What is Martingale?
If you gamble yourself or are somehow related to games of chance, you’ve surely heard of the Martingale System. It’s a little thingy that at some point intrigued every player in the world by its seaming efficiency. Just imagine: you can play any game and literally never lose, that is, if your losing streak won’t be too long or if you have an open-ended budget.
In all other cases this system is probably best avoided as if you lose using the Martingale method, you’ll probably lose a lot, because that’s how it works.
The previous part is enough for most of us, but some people used the Martingale Strategy and won, so we feel like explaining to them that it doesn’t matter if you use this pseudo-system or not.
The system itself is targeted at preventing you from losing, but totally fails at it, and we will show you why.
Martingale System History
As every “scientific” betting system, this one should have its history, right? In some articles you’ll learn that Martingale was a gambler, in others, that he was a mathematician, or a casino owner or just a bright guy that figured out how to win at coin-flip games. In fact, the only thing we know about this system is that it was first used in the early 18th century in France. That’s all, folks, no history!
The point of suchlike stories is to make this crappy system look a bit more reliable, and who could be more reliable than a 300-year old scientist (gambler/casino owner/some guy)?
How it’s Supposed to Work
So, what is a Martingale system? The “system” itself is fairly simple. It’s based on the doubling of the bet after every loss so that the first occurred win will return all losses plus the initial bet. After each win, you return to the initial bet.
Let’s suppose that the initial bet is 1. In this case, you bet 1 and in case of losing, you would bet 2 on the next round. The bets would grow in the following progression: 1-2-4-8-16-32-64-128-256-512-1024 and so on.
Don’t you see a problem here?
The problem is in the players themselves, and it’s called the gambler’s fallacy. You might know it as the Monte Carlo fallacy, because of the famous example of a seemingly impossible event. On August 18, 1913, in Monte Carlo Casino, a roulette ball had hit black 26 times in a row. The players had gone mad and lost millions of francs, betting on red again and again, because they believed that it’s more likely to hit after a long streak of blacks, which is totally wrong.
Usually, the martingale system is used only in random games with a 50% chance to win, like the red/black bets on roulette, pass/don’t pass bets in craps, etc. In such games, each event has its independent chances of winning or losing, and it isn’t connected to previous events in any way.
By the way, If there was a guy who used the Martingale system that night in Monte Carlo Casino at that famous table, his 26th bet against black would have been 33,554,432 francs, assuming the initial bet was 1 franc. Usually, roulette tables have a table maximum bet, and it rarely exceeds one thousand of minimal bets, which means that any Martingale believer would have been unable to proceed after their tenth loss.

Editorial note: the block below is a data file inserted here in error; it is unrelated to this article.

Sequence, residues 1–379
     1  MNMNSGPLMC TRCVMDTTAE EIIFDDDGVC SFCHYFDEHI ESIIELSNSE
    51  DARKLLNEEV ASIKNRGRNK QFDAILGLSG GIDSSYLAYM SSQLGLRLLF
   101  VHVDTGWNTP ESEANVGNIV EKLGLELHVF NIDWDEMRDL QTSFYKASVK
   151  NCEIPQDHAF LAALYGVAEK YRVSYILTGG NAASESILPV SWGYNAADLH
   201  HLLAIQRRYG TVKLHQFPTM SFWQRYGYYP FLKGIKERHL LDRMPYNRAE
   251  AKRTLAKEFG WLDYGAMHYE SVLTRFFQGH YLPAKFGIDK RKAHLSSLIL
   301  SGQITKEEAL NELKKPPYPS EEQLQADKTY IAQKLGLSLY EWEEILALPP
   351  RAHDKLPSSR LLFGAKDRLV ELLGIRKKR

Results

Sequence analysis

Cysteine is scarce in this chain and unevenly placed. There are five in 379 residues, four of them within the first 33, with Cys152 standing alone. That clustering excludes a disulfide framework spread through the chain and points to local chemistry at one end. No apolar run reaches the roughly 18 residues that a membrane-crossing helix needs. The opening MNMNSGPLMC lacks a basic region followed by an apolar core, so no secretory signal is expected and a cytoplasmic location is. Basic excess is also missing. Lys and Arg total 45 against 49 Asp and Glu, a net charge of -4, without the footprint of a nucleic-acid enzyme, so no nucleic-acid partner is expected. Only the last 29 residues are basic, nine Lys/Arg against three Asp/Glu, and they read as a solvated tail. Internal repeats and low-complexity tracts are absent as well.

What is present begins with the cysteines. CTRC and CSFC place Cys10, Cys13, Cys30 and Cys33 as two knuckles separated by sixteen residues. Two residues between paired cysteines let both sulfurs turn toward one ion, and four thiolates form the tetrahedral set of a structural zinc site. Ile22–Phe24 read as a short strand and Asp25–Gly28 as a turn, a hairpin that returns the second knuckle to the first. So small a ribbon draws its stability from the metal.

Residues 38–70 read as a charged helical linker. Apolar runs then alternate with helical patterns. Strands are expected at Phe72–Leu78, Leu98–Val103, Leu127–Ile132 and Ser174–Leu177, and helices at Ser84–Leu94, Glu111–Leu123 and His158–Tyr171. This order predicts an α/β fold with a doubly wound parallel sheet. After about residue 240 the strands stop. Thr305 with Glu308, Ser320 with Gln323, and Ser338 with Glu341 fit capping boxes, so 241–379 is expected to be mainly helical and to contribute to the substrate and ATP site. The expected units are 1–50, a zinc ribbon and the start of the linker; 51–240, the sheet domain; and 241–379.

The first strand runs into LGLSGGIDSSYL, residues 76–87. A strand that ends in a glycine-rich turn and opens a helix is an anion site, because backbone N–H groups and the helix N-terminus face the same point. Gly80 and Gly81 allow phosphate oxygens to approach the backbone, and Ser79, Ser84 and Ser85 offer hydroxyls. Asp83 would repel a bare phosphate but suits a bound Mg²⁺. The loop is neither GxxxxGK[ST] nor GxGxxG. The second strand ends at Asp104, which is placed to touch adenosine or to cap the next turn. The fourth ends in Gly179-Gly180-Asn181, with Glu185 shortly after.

If you think that the losing streak of ten losses is unlikely to occur - well, then this system is for you.
Cons and, hmm... Cons
Here are some obvious drawbacks of the Martingale strategy (if we can call it so), that aren’t explained in the articles that promote it:
- As all the results are entirely random, the only thing that betting systems do is prolong (or reduce) the time of playing. The probability of winning is completely the same whether you use Martingale or if you just bet all your money on the first round of the game.
- The strategy is built in a way that when you hit a win - it’s your minimal bet, and when you lose - you lose big. It’s not even funny to give away large sums of money and take them back in small pieces. Not exactly a fun gambling experience, is it?
- The worst thing is that all casino games have a house edge, and the odds aren’t equal from the very beginning. In the case of more complex games than roulette (blackjack or craps, for example), a newbie is way more likely to lose everything, and it will happen very fast.
- The only case when Martingale works is when a player has infinite funds, and he plays at a table without bet limits. Both of these conditions are practically impossible, and it takes us to the statement that the Martingale System is basically bullshit.
Other Smart-Ass Martingale Systems
If, after reading the previous paragraphs, you assumed that the Martingale system couldn’t bring profit - you’re wrong. It’s very profitable, and we know for who exactly - for the sellers of betting systems, of course. Martingale, Anti-martingale, Reverse Martingale, Triple Martingale, Super Martingale, and so on - guys just change the rules slightly and present a “new, revolutionary system” that surely will take you to the list of top casino winners.
The worst part is people believe them and buy these systems. The truth is that no gaming venue offers a fair 50/50 odds, because it’s not profitable, and there’s no betting system capable of beating house edge in random games.
The games of chance are called so not by accident. Their results fully depend on mere chance, and you can’t change that. It’s already proven by thousands of super-accurate computer simulations that there is no betting system offering higher odds of winning than plain betting, so if you like to gamble - just do it.
The only thing that might help you to win more or lose less is your common sense. Stop when you’re losing before you lose too much, and stop when were lucky enough to win. Sounds pretty simple, doesn’t it?
Updated: 27 Feb 2018